To that end, he and fellow screeners hope for high scores on empathy and intelligence (one recommends a minimum IQ of 110). They are worried that a predisposition toward solitude, though fine for monks, may bode ill in pastoral settings. They red-flag callings that seem to have been rebound responses to romantic breakups or other traumas and look for unrealistic job expectations (one of Plante’s candidates modeled himself after Mother Teresa, down to the year he expected to accept his Nobel Prize). They are especially vigilant for histories of sexual abuse combined with low impulse control regarding alcohol, gambling, sex or anger. Many screeners think the combination may put the candidate at risk of becoming an abuser.

Until now they reported on homosexuality not as an intrinsic evil but as a simple data point while addressing a candidate’s psychosexual maturity. A few seminaries nonetheless regard the information as crucial. When a psychologist reports a candidate’s describing his prior dating life as “‘I didn’t go with a girl, I went with a guy for three years,’ that’s usually a game stopper,” says Monsignor Steven Rohlfs, rector at Mount St. Mary’s Seminary in Emmetsburg, Md. But most in his position are more accepting. Plante reports that one West Coast diocese responded to rumors of Rome’s new hard line by asking him to keep homosexual designation out of his final reports, for fear it would hurt gay priests’ careers down the line.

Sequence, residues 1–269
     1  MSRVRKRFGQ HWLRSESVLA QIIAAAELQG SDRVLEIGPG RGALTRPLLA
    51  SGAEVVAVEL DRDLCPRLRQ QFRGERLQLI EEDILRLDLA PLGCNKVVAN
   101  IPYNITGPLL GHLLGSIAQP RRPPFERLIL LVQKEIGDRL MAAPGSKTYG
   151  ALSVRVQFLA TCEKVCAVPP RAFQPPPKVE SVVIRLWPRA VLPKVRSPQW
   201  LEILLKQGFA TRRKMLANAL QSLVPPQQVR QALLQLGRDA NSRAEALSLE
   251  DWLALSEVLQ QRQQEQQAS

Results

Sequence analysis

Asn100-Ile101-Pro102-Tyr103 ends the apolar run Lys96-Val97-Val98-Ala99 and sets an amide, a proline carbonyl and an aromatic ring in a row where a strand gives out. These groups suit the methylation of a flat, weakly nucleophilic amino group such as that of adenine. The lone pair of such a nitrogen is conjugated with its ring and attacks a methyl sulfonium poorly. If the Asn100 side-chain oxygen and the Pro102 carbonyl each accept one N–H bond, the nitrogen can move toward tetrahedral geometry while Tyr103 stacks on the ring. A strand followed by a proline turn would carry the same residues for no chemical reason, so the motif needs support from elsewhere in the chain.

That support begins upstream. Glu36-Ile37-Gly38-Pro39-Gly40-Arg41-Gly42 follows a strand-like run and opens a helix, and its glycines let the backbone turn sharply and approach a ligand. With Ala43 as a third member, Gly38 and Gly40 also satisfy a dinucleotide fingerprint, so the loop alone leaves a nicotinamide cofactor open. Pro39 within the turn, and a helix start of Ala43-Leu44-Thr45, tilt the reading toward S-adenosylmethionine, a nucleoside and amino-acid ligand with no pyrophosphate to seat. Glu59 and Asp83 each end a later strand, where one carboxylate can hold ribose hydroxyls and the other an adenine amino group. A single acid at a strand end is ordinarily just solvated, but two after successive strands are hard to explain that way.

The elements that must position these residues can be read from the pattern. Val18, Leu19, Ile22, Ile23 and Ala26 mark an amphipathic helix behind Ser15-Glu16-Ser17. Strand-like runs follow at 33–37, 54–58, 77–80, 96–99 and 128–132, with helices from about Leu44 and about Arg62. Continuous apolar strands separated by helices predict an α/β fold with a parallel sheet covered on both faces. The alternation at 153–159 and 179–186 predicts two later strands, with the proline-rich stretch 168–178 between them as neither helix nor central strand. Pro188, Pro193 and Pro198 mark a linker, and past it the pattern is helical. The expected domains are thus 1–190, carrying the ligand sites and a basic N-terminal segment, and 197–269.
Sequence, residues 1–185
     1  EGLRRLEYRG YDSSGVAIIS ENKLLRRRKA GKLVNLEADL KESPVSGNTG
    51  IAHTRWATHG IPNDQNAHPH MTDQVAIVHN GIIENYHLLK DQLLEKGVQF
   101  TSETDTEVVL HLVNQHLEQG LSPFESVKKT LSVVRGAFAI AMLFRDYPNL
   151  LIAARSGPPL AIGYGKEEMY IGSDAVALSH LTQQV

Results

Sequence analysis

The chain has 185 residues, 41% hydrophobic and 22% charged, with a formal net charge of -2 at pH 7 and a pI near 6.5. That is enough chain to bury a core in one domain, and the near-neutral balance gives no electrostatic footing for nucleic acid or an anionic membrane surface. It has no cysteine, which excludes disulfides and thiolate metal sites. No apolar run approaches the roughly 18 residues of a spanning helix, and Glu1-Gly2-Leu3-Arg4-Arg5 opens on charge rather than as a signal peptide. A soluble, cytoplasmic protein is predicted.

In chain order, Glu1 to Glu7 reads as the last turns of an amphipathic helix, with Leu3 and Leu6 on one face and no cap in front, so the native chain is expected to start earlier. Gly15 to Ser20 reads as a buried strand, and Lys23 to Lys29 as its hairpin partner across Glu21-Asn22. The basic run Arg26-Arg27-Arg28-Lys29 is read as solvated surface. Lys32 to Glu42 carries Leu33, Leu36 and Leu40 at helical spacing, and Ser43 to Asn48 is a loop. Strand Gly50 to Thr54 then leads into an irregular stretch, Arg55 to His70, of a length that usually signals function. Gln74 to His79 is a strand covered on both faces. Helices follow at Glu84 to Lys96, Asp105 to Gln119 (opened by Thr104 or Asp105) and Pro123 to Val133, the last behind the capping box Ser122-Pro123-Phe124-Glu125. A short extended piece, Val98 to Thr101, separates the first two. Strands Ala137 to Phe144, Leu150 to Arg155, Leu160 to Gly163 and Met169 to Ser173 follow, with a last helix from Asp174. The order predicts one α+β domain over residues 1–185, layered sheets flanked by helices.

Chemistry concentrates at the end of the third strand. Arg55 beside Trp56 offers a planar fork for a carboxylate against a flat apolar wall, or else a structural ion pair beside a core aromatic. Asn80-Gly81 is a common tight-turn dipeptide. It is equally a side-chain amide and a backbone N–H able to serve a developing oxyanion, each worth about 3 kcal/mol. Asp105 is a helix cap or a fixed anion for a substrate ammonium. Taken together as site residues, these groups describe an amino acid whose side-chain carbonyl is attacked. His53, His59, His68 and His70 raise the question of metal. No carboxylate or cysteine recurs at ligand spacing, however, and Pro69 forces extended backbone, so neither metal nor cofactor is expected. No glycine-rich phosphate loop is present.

That suited Plante, who is comfortable with the 20% to 40% of the priesthood he believes are homosexually oriented. He notes that while Catholic teaching calls homosexuality a disorder, the American Psychiatric Association dropped that descriptive decades ago. “Being gay in and of itself, I would hope, wouldn’t prevent someone from becoming a priest,” he says. All four church-contracted psychologists interviewed by TIME agreed vociferously with his contention that homosexuality doesn’t make one more likely to sexually abuse children. For instance, Father Gerard McGlone, a Jesuit psychologist and a vice president of Saint Joseph’s University in Philadelphia, believes some tightening of the admission process is appropriate: “I think to a certain extent the Vatican is correct in trying to weed out unhealthy expressions of the homosexual experience.” But he is also worried that tougher guidelines might backfire by encouraging gay or sexually confused priests to deceive themselves about their own orientation, which could lead to a subsequent crisis and pathology.

In any case, says Plante, when new rules come down, he will soldier on. His entry into this line of consulting, he recalls, was a little like being an Army reservist: “They called: ‘You’re a shrink. You’re Catholic. You can help us.’ How do you say no?” And he notes that “there are a lot of things we don’t agree with in the church, but we still identify as Catholic.”

In fact, given the reported subtlety of the impending decree, he may not even find himself in disagreement. But it may take more than three quick questions for him, not to mention his future interviewees, to parse it all out.